Brexit will result in a lot of opportunities for Luxembourg, according to the debate on the UK's departure from the EU in the Chambre des Députés, reports wort.lu
Ministers and Members of Parliament (MP) discussed on Tuesday what repercussions Brexit could have for Luxembourg and how it could influence its financial centre.
While many consequences of Brexit are not yet known as the country is still officially part of the union, a few companies have already announced the extension of existing offices in the Grand-Duchy or the implementation of new ones.
Nevertheless, it is not only the financial sector that is affected, one of the most direct consequences of Brexit in Luxembourg has been an increase in the number of applications for Luxembourgish nationality by British citizens.
The number of applications was about 60 per year between 2013 and 2015, then jumped to 193 in 2016 and already stands at 132 for the first five months of 2017 and is thought to continue climbing.
Finance Minister Pierre Gramegna insisted on the fact that when it came to Brexit, the situation needed to be de-dramatised and that one needed to look reality in the eyes.
Luxembourg wants to keep good relationship with the city of London, he said, and even though the relationship will be different, ties between the two countries won't disappear the day the UK leaves the EU.
In terms of strategy for attracting businesses to the Grand-Duchy, Gramegna said that Luxembourg was not - and didn't need to be - overtly aggressive in trying to lure business out of London and that they would continue their strategy with a "calm hand."
Overall, he said that in the short-term, the country was looking at many opportunities and would have the chance to further diversify its financial place.
In a longer-term perspective, Gramegna stressed that Luxembourg should negotiate common rules and a transitional period, considering the importance of Britain to Luxembourg's economy.
He cited the importance of the UK as a trading partner for the Grand-Duchy as it is the seventh largest supplier to the country and the fifth largest importer of Luxembourgish services. For the financial sector, the flow between the two countries amounts to more than €10 billion per year.
In his opening remarks, Democratic Party (DP) MP André Bauler echoed those remarks saying that Luxembourg should show a "healthy appetite" but not run around London waving flags or descend onto the city like vultures.
He also stressed that Luxembourg and London's financial places were linked, and that a fair Brexit deal was very much in the interest of Luxembourg.
For Christian Social People's Party (CSV) MP Laurent Mosar, Luxembourg had a lot to gain from Brexit if it plays its cards right and said the Grand-Duchy shouldn't be "naïve or aggressive," but simply ready.
In his remarks, the Greens (Déi Gréng) MP Claude Adam expressed concerns about an inordinate number of people suddenly moving to Luxembourg in terms of preservation of Luxembourg's environment and said Luxembourg shouldn't try and "bring London's skyline to Luxembourg."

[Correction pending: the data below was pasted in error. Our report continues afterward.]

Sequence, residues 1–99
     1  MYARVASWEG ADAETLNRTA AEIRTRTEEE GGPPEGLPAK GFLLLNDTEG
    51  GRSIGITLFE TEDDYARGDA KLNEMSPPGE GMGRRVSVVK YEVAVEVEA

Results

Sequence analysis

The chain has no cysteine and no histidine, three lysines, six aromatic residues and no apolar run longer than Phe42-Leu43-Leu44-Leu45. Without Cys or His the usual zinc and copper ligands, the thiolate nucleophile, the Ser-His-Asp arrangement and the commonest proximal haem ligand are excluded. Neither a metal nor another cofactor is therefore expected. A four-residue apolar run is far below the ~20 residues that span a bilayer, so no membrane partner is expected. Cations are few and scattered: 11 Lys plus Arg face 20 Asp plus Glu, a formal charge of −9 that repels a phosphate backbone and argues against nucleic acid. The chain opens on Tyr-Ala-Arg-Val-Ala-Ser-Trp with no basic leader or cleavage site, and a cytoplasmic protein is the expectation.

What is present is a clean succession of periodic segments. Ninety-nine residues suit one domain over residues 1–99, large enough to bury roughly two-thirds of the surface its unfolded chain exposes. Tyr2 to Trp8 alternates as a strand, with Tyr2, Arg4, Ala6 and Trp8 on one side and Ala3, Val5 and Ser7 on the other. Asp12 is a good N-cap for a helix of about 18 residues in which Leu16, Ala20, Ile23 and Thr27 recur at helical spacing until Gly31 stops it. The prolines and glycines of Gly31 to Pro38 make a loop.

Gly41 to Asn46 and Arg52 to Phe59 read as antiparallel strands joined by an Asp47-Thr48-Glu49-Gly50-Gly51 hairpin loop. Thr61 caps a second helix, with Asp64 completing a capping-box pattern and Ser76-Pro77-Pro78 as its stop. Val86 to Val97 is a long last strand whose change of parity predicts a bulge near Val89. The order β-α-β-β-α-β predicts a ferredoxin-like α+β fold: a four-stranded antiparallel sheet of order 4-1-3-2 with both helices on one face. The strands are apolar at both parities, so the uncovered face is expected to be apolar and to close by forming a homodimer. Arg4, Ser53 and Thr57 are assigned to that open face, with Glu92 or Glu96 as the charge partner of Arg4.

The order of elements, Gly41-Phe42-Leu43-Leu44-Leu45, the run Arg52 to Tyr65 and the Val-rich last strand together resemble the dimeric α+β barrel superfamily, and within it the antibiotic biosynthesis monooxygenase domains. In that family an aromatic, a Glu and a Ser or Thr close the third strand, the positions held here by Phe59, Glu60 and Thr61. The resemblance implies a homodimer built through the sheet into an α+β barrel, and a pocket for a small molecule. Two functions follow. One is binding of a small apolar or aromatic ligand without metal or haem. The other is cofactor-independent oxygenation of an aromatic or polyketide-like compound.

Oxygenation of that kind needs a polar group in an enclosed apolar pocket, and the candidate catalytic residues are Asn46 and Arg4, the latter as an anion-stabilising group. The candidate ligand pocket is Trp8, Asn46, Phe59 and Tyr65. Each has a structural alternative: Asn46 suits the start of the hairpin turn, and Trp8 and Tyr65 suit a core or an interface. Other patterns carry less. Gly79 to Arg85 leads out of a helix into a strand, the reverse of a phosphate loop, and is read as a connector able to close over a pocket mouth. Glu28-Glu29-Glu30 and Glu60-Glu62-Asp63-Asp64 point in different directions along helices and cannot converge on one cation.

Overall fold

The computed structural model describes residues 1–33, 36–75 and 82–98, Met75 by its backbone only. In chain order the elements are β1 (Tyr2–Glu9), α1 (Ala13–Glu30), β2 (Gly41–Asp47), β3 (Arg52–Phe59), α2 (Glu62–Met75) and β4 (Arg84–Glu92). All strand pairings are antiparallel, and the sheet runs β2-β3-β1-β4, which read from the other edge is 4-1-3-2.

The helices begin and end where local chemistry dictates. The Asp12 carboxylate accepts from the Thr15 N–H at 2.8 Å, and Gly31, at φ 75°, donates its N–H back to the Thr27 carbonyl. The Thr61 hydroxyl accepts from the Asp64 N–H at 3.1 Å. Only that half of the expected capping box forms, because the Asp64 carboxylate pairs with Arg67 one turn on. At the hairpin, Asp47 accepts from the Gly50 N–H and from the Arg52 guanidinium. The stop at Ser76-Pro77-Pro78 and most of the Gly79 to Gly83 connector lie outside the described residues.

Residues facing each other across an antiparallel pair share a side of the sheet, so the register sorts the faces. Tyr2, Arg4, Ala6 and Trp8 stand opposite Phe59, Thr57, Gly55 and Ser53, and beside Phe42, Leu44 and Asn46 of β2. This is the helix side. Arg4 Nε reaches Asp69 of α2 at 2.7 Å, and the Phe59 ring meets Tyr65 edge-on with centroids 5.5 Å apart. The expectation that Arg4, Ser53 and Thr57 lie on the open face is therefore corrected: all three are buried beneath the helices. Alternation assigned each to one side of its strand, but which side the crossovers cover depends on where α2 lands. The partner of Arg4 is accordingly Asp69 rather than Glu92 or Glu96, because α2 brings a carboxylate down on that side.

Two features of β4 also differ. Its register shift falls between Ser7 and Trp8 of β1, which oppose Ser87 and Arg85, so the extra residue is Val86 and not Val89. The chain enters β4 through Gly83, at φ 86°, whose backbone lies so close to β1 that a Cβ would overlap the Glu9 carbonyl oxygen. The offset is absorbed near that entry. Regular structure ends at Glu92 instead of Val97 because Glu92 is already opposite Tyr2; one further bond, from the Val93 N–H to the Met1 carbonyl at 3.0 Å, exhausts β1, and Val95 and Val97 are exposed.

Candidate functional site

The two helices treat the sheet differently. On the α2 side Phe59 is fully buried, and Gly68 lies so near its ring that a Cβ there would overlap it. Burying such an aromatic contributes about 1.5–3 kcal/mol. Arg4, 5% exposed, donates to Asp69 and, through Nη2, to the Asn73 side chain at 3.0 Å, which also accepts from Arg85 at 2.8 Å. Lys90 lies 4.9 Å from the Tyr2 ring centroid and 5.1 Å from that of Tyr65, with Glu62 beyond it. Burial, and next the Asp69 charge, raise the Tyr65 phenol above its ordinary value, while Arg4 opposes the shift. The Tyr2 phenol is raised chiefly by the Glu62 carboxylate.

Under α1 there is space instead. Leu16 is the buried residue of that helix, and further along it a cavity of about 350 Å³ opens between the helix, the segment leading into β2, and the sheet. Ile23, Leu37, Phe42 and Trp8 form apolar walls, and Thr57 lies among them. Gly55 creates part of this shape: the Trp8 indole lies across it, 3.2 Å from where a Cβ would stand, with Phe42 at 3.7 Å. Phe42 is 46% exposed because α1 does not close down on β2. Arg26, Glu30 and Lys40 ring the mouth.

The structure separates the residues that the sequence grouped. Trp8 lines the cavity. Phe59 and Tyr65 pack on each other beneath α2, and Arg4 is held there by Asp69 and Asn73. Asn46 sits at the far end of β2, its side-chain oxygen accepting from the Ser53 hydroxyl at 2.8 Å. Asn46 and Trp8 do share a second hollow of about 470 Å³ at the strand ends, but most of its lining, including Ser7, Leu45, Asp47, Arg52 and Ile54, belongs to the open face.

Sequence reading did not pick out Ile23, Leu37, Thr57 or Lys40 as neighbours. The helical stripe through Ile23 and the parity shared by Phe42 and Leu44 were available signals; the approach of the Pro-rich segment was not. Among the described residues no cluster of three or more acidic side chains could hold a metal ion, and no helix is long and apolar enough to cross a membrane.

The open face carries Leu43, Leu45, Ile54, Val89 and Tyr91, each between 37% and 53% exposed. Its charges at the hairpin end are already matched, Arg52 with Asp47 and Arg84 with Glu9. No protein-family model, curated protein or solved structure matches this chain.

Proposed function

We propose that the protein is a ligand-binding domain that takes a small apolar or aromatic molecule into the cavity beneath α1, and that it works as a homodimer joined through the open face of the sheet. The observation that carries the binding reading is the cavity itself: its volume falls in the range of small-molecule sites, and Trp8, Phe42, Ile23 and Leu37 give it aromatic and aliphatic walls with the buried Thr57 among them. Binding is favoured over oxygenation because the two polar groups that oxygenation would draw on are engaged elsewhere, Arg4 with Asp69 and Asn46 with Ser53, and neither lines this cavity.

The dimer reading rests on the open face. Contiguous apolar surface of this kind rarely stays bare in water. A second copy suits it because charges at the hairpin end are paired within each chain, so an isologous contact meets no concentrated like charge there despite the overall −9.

Gramegna was very reassuring on that point though, saying that although he wanted Luxembourg to be a natural choice for companies looking to move to Europe, that the country wanted qualitative growth.
He said that unlike Frankfurt which expected thousands of people, Luxembourg was only expecting a few hundred people to move over, and reassured the MPs that there was enough talent, school places and housing available to welcome the people who would move over.
Gramegna also addressed fears that the UK would start a race to the bottom in terms of company taxation, and reminded the parliament that the UK had been the country in Europe most eager to develop and quickly implement BEPS (OECD tax avoidance strategies) so that he couldn't imagine them completely reversing course on it.
Prime Minister Xavier Bettel said the fact that Britain had already needed nine months just to send a letter triggering Article 50, showed complexity of task ahead, but that "Luxembourg was, is and will continue to be a good partner to the UK."
He also added that while the UK would not "be part of our family" anymore it would still be a neighbour and that ties would still exist between the countries.
Bauler had kicked off the four-hour debate by talking about Queen Elizabeth II's outfit during the Queen's speech. He pointed out that she ditched her traditional robe for a blue dress with a blue hat adorned with yellow flowers that many on social media equated to an EU flag.
Bauler then said that the referendum had left a "bitter aftertaste" and that he doubted that Brexit negotiations would go smoothly, but that in the short-term, it presented the Grand-Duchy with economical chances.
Mosar, who was the most severe when talking about Brexit, had at the beginning of his remarks made clear the UK needed the EU more than the other way round, that it was an imperative that passporting rights should be taken away from London and that the EU could not make an exception there.
Mosar added that upholding rights for UK citizens here would only happen if there was a reciprocity for EU citizens in Britain, but also urged the Luxembourgish government to send a strong signal to Brits living in Luxembourg that it would fight for their rights.
The CSV MP had also proposed the creation of a "Brexit guichet" to help individuals and companies with any questions or needed administrative measures, but the idea was voted down after Gramegna said there was no need for an additional office on it.